Classics, contemporary – what goes in school?
I read To Kill a Mockingbird in ninth grade and didn’t understand a page of it. I’ve always said that I hate the book, but not actually because I hate it, just because I didn’t understand it. If I were to give it a try as an adult, I believe I’d be a much more enthusiastic reader.
The New York Times has a great article on letting students choose the books they read in class, rather than consistently assigning the classics and traditional favorites. At first I was reluctant, thinking everyone should have to read Shakespeare and Dickens. I, for the most part, really liked the classics, but there were some of course that I didn’t like and I did what everyone else did – got the Cliffs Notes, asked a friend who had read it, or just skimmed and googled. So isn’t it better that kids read – with less regard to what it is – to start them on the path of enjoying and loving books?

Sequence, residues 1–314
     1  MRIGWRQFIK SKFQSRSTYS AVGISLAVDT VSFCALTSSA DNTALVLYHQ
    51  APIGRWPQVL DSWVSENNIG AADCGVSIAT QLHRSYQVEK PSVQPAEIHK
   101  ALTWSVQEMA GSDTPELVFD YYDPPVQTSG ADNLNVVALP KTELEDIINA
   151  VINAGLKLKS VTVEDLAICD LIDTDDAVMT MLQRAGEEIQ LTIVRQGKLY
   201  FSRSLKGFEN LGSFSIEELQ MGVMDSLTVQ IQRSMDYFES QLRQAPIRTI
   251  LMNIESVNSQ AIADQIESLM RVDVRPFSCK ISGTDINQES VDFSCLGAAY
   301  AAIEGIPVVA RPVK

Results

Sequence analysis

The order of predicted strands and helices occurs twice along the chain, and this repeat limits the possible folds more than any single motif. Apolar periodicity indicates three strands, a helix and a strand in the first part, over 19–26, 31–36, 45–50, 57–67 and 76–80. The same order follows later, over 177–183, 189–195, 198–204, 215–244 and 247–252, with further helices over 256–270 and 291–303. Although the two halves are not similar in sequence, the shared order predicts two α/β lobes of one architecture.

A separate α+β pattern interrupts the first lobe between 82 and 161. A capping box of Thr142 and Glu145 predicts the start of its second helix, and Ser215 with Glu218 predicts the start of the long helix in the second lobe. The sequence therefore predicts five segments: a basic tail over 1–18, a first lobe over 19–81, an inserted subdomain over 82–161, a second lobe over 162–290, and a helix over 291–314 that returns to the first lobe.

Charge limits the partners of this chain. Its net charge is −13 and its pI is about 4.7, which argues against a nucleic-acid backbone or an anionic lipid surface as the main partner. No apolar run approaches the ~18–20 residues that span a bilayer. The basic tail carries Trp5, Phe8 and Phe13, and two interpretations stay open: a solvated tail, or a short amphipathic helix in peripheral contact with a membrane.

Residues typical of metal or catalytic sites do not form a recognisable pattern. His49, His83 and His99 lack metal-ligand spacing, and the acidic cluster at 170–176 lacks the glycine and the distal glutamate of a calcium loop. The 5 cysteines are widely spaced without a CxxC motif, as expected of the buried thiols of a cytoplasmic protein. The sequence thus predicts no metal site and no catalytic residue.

Of course many schools and teachers are reluctant – I think people find it really uncomfortable and intimidating to change. But the teachers in the article aren’t simply letting their students read the comics and manga – they are holding sessions about books, recommending good choices and asking students to choose books out of their normal comfort zone. I think this is a fabulous idea. If kids are reading and enjoying, then its only a matter of time before they seek out the classics on their own, and then haven’t both sides really won?